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There are several memorial windows and as far as I have been able to establish most relate to the Cross family. One window is dedicated to Margaret Pape, the wife of Max Pape. Margaret was the daughter of William John Cross, who is commemorated in another window. She died in 1901 at the age of 39 and her husband predeceased her. [5] IMG_1251IMG_1254

William John Cross is commemorated in another window with his wife Catherine Mary. IMG_1253IMG_1252

William John and Catherine probably had a son John who is possibly the John commemorated in another window. Catherine probably died in 1865 at 40 years of age so the window must have been put in some time after her death. [6]  William John probably died in 1889 in his St Kilda Road home called Cintra.[7]  William John and Catherine were probably married in 1854 and were both from Ireland. William John was from Country Kilkenny and Catherine was from Carrick on Suir. [8] IMG_5665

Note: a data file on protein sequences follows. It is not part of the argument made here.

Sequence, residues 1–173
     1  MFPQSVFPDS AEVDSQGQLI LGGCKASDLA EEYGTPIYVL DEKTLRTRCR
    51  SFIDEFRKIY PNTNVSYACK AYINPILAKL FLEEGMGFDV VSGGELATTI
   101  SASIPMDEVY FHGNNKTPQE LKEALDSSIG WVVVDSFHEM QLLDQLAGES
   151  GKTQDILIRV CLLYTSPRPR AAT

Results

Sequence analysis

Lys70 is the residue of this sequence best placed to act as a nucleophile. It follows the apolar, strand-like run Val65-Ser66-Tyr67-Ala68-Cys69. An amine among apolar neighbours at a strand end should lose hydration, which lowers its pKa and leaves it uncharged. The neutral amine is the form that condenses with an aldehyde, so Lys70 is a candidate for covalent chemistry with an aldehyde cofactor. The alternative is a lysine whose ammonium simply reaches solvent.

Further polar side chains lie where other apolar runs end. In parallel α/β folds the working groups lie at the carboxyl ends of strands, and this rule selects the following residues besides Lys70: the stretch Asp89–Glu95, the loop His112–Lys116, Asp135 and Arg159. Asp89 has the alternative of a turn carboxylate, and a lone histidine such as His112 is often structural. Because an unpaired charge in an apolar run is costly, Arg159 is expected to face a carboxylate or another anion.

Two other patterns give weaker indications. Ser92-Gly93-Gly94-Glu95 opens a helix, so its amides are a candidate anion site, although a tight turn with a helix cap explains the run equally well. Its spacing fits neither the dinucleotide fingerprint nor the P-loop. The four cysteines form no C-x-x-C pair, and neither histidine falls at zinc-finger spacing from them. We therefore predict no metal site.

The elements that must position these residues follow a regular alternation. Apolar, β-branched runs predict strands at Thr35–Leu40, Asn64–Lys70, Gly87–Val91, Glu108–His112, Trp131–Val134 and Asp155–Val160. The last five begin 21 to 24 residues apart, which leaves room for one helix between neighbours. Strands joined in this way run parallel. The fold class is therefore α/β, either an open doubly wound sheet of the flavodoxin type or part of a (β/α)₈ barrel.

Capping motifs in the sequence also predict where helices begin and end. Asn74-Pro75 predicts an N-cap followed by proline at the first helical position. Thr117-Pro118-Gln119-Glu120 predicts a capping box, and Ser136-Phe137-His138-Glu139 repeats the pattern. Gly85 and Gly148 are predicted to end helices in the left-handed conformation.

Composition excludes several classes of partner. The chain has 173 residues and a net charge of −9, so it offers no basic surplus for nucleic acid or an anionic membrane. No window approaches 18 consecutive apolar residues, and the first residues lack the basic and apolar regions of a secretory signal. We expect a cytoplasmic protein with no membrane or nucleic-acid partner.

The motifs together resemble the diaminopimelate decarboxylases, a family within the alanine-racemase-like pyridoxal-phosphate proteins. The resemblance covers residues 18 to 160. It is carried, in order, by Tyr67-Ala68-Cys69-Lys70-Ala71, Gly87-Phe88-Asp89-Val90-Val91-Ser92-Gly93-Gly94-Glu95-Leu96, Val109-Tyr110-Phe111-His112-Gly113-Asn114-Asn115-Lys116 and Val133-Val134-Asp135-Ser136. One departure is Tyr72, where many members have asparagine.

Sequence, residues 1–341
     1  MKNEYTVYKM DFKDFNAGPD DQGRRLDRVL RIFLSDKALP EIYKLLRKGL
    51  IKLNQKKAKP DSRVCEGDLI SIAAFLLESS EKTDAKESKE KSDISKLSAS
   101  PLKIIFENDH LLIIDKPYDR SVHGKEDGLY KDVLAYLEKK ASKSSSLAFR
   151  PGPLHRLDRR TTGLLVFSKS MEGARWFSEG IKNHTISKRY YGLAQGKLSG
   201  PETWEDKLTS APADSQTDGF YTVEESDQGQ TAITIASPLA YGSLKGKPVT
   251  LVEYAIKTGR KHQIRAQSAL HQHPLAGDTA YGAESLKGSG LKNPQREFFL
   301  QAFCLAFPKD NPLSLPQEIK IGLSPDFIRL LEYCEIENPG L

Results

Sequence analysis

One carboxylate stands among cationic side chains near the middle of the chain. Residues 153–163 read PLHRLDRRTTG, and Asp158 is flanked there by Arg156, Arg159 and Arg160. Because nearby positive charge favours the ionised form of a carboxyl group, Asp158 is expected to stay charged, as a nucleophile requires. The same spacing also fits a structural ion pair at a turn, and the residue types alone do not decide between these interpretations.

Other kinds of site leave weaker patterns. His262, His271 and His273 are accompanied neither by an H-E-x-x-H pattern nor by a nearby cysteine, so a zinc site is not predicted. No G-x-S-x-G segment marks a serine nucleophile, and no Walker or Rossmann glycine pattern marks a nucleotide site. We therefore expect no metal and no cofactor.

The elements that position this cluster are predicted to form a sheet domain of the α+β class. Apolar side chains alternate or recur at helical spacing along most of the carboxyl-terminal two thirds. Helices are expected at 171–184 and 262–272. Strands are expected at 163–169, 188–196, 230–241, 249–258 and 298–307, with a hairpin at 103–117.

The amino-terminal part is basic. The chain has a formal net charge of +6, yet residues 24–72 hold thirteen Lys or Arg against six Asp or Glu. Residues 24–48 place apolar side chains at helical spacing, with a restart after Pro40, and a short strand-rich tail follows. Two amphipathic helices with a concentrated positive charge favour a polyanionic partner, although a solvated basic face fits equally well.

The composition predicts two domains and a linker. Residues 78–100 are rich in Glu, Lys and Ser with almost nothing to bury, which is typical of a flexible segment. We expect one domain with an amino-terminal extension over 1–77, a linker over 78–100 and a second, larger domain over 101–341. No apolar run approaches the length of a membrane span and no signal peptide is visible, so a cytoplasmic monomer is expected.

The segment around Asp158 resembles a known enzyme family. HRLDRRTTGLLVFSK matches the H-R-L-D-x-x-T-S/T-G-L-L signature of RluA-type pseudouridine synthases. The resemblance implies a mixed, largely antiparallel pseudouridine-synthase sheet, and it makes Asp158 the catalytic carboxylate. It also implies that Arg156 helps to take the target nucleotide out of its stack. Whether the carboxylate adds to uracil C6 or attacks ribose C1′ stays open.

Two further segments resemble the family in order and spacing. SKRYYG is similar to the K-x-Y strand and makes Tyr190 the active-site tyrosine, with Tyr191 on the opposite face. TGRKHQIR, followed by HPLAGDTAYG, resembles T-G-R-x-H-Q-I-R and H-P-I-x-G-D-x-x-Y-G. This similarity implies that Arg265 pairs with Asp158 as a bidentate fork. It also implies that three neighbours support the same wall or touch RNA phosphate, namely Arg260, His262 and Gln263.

The main bridge in Carrick on Suir.

There is also another William John Cross, called WJ in his window and his profession is listed as gentleman. He too lived in St Kilda road, but he was married to Margaret Cross who died some time before 1883 when William John was appointed an executor of her will. [9]

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Margaret’s Cross’ window is on the right.

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There is also quite a lovely window donated by the group the Children of Mary.

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St Joseph’s is typical of many Melbourne churches in that it reflects the local community and the people involved with the church. It is by no means the most beautiful of the churches but it is still lovely in its own way and is firmly part of the evolution of Melbourne as a city. Also its red brick exterior is typical of churches in the area. You can see the similarities in the Uniting Church just down the road. I am hoping to find out for about this church in the future.

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[1] Obituary of Walter P Walsh. The Argus 1951. http://trove.nla.gov.au/ndp/del/article/23091500

[2] Details of St Joseph’s Church obtained from the manuscript: Historical notes on schools, churches, etc. in Elsternwick and Caulfield. Available from the State Library of Victoria. Accession number: MS 9308